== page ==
Very few players have represented East Bengal with such distinction like Ram Bahadur and it was hardly a surprise when he was selected as the “Best Midfielder of the Millennium” by the club in 2000. When he signed for East Bengal in 1957 Ram Bahadur had promised club officials that he would play for them till he retired. True to his word, Ram Bahadur’s East Bengal career ended with his own career in 1967. Just a year before he retired he would play one of his better seasons, winning a League-Shield double again. He was never a consummate goal-scorer and he scored eight times for his club. Interestingly, Ram Bahadur played cricket and hockey for East Bengal as well, as famous historian Ramchandra Guha notes in this article.
From Disaster In Grosseto To Joy In Jakarta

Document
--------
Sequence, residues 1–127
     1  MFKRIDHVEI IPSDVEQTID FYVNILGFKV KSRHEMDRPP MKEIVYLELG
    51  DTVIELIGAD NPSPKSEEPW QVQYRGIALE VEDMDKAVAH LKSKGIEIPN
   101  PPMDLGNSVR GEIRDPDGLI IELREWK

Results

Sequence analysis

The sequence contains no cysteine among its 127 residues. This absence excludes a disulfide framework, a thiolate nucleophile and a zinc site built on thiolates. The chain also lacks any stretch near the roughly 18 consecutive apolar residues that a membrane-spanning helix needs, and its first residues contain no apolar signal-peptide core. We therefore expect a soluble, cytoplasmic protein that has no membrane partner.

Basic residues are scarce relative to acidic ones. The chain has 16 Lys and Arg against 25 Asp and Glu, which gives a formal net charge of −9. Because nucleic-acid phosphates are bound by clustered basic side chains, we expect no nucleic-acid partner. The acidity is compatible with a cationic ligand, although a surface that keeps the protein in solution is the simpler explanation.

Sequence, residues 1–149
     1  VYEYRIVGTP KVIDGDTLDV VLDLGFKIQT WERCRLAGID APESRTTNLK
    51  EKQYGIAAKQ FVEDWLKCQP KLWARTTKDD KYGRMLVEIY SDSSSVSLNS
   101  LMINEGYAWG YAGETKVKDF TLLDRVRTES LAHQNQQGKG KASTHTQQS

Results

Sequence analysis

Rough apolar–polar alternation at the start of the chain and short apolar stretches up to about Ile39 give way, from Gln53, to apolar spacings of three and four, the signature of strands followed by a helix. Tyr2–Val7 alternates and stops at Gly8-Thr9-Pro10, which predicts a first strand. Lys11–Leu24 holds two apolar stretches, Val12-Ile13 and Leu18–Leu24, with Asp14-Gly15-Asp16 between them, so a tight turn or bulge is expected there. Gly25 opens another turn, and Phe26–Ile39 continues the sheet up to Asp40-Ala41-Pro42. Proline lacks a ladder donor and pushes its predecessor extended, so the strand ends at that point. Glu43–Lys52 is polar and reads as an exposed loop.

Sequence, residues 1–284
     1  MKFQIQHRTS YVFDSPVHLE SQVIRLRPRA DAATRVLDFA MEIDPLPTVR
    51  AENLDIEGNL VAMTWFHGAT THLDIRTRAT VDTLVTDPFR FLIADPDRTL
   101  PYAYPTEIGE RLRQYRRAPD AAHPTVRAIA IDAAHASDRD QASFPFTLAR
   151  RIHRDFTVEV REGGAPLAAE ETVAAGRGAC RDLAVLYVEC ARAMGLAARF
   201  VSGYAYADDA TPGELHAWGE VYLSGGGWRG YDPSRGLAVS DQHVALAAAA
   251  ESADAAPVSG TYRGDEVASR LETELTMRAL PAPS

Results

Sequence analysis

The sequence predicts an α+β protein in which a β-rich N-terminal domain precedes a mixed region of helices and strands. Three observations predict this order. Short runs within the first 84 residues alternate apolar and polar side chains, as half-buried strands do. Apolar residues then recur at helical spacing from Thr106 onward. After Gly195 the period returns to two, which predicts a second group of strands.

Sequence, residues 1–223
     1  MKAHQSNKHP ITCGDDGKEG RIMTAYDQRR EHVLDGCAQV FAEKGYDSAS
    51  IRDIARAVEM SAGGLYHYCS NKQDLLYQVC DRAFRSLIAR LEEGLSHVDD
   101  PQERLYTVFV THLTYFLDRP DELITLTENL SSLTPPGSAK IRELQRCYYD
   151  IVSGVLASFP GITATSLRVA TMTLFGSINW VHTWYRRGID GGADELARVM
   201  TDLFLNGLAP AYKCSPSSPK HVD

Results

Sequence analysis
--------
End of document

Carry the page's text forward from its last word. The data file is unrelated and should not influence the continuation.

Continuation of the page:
On 29th August 1960 India faced off against France in Olympic football’s main tournament. India was put in a strong group along with Hungary, Peru and France. The team had gone down 2-0 quickly in the first half against Hungary in the opening match but came back strongly in the second period, making it 2-1 and could have easily equalized. Ram Bahadur was one of the stand-out performers against Hungary and was putting another classy shift against France. His free-kick paved way for P.K Banerjee to put India ahead and Rahim’s team was looking for a famous win over the 1958 World Cup semi-finalists. With just few minutes left Ram Bahadur received a pass near his penalty box. Always a cultured passer, he chose to play it out to start an attack rather than hoof forward. Catastrophe struck like a bolt out of the blue as he suddenly slipped and lost possession. Poincon was hovering nearby and he gladly took the gift, denying India a famous victory. It was quite ironical that of all the players it was the highly reliable Ram Bahadur’s error which helped France pull level.